How to import and export Gutenberg blocks

How to import and export Gutenberg blocks

Abbey Fitzgerald's Layout avatar

When it comes to new web design projects, clients always seem to reach out at the same time, creating a wave of new project opportunities. It’s great to be busy, but with the increased workload, it also becomes very important to work efficiently. The good news is that the Gutenberg Editor has certainly made creating content much easier.

In a recent project, I had a chance to give these blocks a go and found that Gutenberg makes it really easy to create custom content, and really easy to repurpose that content. This was a huge timesaver for me. 

When working on the content strategy for one website, you’ll most likely find yourself using the same type of content on another site. The Gutenberg editor allows you to create reusable blocks that are easily exported, so you can repurpose a style for your other WordPress sites.

Working with a reusable content block in Gutenberg

With this powerful feature, content designers can simplify their workflow by repurposing Gutenberg blocks. This is particularly useful when working on multiple WordPress sites, because you save can save block styles instead of recreating them (which will save you a bunch of time).

To get the most out of Gutenberg, it’s important to be familiar with the process of creating a custom Gutenberg block. When working with pages and posts, you’ll use these custom blocks to create the layout of your content. If you need to do some rearranging, they’re easy to add and move around. 

When multitasking between different sites, you’ll want a more streamlined experience when creating site content. Things like social media links, pricing tables, contact information, etc. are things that come to mind when thinking of standard elements. The good news is, each content type only has to be created once and then it can be reused on all of your sites! 

This became especially useful in a recent project. I found myself needing the same type of company summary information after each blog post. 

Search for “Reusable” and you should see a link to “Manage All Reusable Blocks.”

When I was first introduced to the new block editor, finding the reusable blocks was something I didn’t catch onto right away. Go into a Post and click the “plus” sign to add a new block. Search for “Reusable” and you should see a link to “Manage All Reusable Blocks.” This will take you to the block management page, where you’ll see any existing reusable blocks you’ve made and can also create new ones.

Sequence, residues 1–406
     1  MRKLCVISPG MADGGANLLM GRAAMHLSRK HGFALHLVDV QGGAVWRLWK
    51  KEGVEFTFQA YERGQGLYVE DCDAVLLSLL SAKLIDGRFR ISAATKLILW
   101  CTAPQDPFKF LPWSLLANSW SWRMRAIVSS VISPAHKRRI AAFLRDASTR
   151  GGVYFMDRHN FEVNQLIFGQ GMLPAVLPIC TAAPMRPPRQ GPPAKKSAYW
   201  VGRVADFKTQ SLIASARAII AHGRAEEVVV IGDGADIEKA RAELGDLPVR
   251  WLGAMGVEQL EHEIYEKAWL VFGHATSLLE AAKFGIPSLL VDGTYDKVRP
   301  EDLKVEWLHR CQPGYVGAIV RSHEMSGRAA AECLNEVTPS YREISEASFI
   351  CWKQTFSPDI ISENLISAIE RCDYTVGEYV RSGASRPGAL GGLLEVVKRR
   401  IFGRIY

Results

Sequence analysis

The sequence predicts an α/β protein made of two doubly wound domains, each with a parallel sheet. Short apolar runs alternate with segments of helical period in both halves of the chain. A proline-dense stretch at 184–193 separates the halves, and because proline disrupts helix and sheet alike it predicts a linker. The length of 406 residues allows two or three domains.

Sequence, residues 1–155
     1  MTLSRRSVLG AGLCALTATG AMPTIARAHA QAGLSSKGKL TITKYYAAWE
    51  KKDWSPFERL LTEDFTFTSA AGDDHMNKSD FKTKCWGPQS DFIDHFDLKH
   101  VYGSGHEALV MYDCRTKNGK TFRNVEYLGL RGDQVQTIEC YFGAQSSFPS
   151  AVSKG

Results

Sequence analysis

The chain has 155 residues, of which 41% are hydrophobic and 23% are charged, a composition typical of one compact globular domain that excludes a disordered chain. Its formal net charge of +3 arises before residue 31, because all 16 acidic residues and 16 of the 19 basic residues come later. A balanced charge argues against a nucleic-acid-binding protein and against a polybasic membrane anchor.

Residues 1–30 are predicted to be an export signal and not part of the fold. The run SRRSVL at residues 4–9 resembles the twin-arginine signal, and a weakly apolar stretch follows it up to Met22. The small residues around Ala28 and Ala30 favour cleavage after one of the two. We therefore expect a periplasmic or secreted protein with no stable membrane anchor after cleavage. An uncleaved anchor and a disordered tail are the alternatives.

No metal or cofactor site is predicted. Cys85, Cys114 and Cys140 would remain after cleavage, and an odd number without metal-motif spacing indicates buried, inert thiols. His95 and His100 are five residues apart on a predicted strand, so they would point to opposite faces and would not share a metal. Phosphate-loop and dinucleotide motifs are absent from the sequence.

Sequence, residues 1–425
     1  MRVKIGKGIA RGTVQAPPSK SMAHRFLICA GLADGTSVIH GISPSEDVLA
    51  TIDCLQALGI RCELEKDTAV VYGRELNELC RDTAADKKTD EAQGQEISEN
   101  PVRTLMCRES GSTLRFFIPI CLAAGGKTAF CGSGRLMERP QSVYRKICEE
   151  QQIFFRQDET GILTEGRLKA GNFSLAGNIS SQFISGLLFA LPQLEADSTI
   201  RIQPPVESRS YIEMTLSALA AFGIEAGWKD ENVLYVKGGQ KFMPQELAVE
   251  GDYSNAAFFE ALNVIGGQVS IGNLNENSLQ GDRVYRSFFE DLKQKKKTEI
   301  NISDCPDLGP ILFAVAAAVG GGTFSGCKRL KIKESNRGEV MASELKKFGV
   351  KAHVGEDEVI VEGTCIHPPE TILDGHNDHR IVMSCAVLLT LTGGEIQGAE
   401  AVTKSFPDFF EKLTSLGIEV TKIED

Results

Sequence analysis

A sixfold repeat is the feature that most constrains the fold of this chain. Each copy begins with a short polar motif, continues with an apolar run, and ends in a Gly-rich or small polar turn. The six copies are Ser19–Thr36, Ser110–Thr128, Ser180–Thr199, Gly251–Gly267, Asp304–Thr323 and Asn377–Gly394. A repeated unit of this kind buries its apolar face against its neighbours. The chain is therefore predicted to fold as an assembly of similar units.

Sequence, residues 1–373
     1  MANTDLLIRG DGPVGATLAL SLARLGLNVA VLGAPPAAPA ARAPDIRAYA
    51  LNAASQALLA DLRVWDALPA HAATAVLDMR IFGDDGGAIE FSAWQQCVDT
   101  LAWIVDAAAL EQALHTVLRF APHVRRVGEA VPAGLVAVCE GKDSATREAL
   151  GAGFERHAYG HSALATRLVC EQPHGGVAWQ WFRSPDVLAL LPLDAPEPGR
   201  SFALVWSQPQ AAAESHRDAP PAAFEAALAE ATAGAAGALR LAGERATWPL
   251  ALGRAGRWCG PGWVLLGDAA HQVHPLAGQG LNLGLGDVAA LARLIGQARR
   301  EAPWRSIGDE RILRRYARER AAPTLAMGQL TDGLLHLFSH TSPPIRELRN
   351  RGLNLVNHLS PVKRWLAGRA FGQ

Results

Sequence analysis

How to export a reusable Gutenberg block

It’s pretty easy to work with reusable blocks within a single WordPress site. When you want to use a block on a different WordPress site, you can think of it as a way of creating a template. 

Step one: Export the block

You can access your site’s list of blocks in one central place, on the block management page. (The same page from the last section.) This is where the exporting process will begin.

Click the “Export as JSON” option below the block to get started.  

Step two: Work with the JSON file

It won’t take long to download your block, which will be in the format of a JSON file. I have it set to go to my Downloads folder, but you can choose whatever location on your computer makes the most sense for you. 

It was created as an HTML block, and you can see that in the JSON file when you open the file in a text editor.

Step three: Use the JSON file on another site

Next, log into the WordPress site where you want to import that block. It’s a very quick process to upload this JSON file, so you’ll be using the new block in no time!

Again, navigate to the block management page. In this example, I’m working with a site that didn’t have any existing reusable blocks, so it’s empty.   

Look for the “Import from JSON” button.

On this block management screen, you’ll see the “Import from JSON” button at the top. 

A standard file upload box will pop up. Choose the JSON file that you downloaded in the last step. 

Choose the JSON file that you just downloaded.

That’s it! The new block has now been imported and saved to the new site’s database. If you can see it in the list, that means it’s ready to use on your site and can now be added to a post or page (or edited). 

After doing this a couple of times, I plan on making multiple block templates and saving them in a central spot. Each time I start a new website project, I’ll import these JSON files so I can start repurposing those blocks right away!

It’s great that WordPress’ reusable blocks are not just restricted for the website they’re created on. This example used is a pretty simple content block, but keep in mind that this strategy of repurposing blocks across multiple sites can work for more complex styles as well. Hopefully the quick process of importing and exporting Gutenberg blocks will save you time when creating content for your WordPress sites!


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